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Utah's own bridge peril: Nearly 200 spans need repair, replacement or have structural worries
This is an archived article that was published on sltrib.com in 2007, and information in the article may be outdated. It is provided only for personal research purposes and may not be reprinted.

With nearly 100 Utah bridges already deemed in need of crucial repairs or replacement and another 100 identified as having structural issues, Gov. Jon Huntsman Jr. on Thursday joined governors around the nation in calls for a comprehensive review of bridge safety.

Huntsman's directive comes a day after a freeway bridge in Minneapolis collapsed and fell into the Mississippi River. The review of Utah's 200 high-priority bridges will examine structural integrity and will begin immediately, said John Njord, Utah Department of Transportation executive director.

David Eixenberger, UDOT's bridge operations engineer, said Utah's bridges are in relatively good condition - only about 9 percent of the state's 2,700 bridges need immediate attention. That places Utah seventh nationally in terms of overall bridge health, according to Federal Highway Administration data.

Minnesota, however, was just a few steps behind at number 12, the figures show.

All of the nation's bridges are inspected every other year according to federal law, but those in the "structurally deficient" category - which doesn't necessarily mean they are unsafe or in danger of collapse, but does mean they need to be repaired or replaced as soon as possible - are more closely monitored, Eixenberger said.

A Federal Highway Administration assessment says repairs and replacement for Utah's 239 structurally troubled bridges would cost at least $156 million. The figure includes bridges classified as "functionally obsolete," those bridges too narrow or otherwise inadequate to handle today's motorist travel and growing volume of heavy truck traffic.

Utah transportation expert Tom Warne was in Minneapolis on Thursday to help determine why the Interstate 35 West bridge collapsed. While the cause remains unknown, the disaster shows that infrastructure in the United States needs more attention, he said.

The problem, of course, is money.

Maintenance and repair for the 1,800 bridges on state routes, interstates and U.S. highways in Utah - 95 of which are structurally deficient - cost the state about $60 million just to maintain status quo, Eixenberger said.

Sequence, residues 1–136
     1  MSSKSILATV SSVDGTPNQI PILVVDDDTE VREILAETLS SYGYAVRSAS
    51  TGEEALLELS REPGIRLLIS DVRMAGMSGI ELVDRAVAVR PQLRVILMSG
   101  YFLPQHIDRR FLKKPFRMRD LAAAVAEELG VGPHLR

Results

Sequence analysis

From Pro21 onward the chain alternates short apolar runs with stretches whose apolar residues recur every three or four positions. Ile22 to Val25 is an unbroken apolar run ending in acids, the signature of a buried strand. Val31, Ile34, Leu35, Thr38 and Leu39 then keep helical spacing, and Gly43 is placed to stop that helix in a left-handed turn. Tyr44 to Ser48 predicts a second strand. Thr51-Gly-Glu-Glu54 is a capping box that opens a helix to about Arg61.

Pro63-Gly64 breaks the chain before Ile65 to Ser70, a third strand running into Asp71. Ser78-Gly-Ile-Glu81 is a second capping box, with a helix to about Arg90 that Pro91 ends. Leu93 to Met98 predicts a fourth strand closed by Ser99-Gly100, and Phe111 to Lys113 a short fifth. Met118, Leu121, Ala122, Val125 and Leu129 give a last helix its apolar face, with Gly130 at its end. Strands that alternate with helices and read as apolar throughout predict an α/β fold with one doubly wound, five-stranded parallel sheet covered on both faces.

The other 144 bridges most in need of fixing are among the 900 bridges under city, town or county jurisdiction.

While the most expensive bridge projects are along the Wasatch Front, rural counties claim all but five of the state's top 20 most deficient bridges, according to the federal data.

Two years ago, long-standing problems with crumbling bridges on Interstate 80 resulted in a basketball-size chunk of concrete dropping from the deck of a bridge near Highland Drive. The debris didn't hurt anyone, but left a hole in the bridge deck and forced immediate repairs. That bridge was built in 1965.

So were the other bridges on that stretch of I-80, and they have reached the end of their lives. Freeze-and-thaw cycles that allow salt to creep into the concrete and steel are to blame.

"In our environment we tend to get 40-50 years out of a bridge," Eixenberger said. Other parts of the country with milder climates have deficient bridges that average 60 to 70 years of age.

UDOT has repaired I-80 bridges with carbon-fiber wraps and plans to spend at least $40 million to overhaul the freeway and replace its bridges between State Street and Highland Drive next year.

The I-15 NOW project in Weber County will include replacement of 26 bridges. The Interstate 15 reconstruction through Salt Lake County replaced 120 bridges and added 24.

Warne said most of the nation's bridges were built along with the interstates between 1957 and 1970 for lower traffic volumes and lighter trucks.

Even new bridges can show signs of strain. Just two to four years after the Salt Lake County I-15 project was completed in the run-up to the 2002 Winter Olympics, salty water seeping into bridge decks left networks of salt-encrusted cracks visible from the freeway below.

University of Utah civil engineering department chairman Lawrence Reaveley, hired to study the cracked bridges, concluded in a 2004 study of 71 bridges that the cracks were a trade-off for the speed UDOT demanded of its contractors.

On Thursday, Reaveley said the bridges would have shown less cracking if more time had been taken with construction. But the state saved millions of dollars by using technology that allowed a shorter construction period. Since then, UDOT has used membrane overlays on the bridges to seal the cracks, a repair that lasts about 10 years, he said.

Improving the nation's troubled bridges will be a costly venture, according to data by the American Society of Civil Engineers. The group estimates it will cost $9.4 billion a year for 20 years to eliminate all deficiencies in the nation's 590,750 bridges.

But Congress included just $5 billion for bridges in its most recent transportation bill. And the Highway Trust Fund, which captures federal fuel taxes, will be empty by 2009.

"Almost every solution now requires raising taxes. That really is the crux of the problem," Warne said. "Utah has raised a lot of money for transportation recently, to the credit of our elected officials."


* Tribune reporter THOMAS BURR and MediaNews reporter GORDON TROWBRIDGE contributed to this story.

Safety probe

The state fares relatively well nationwide, but Huntsman orders a swift review of 200 structures under suspicion

200 structures under suspicion statewide; after Minneapolis tragedy, Huntsman orders a review of their condition

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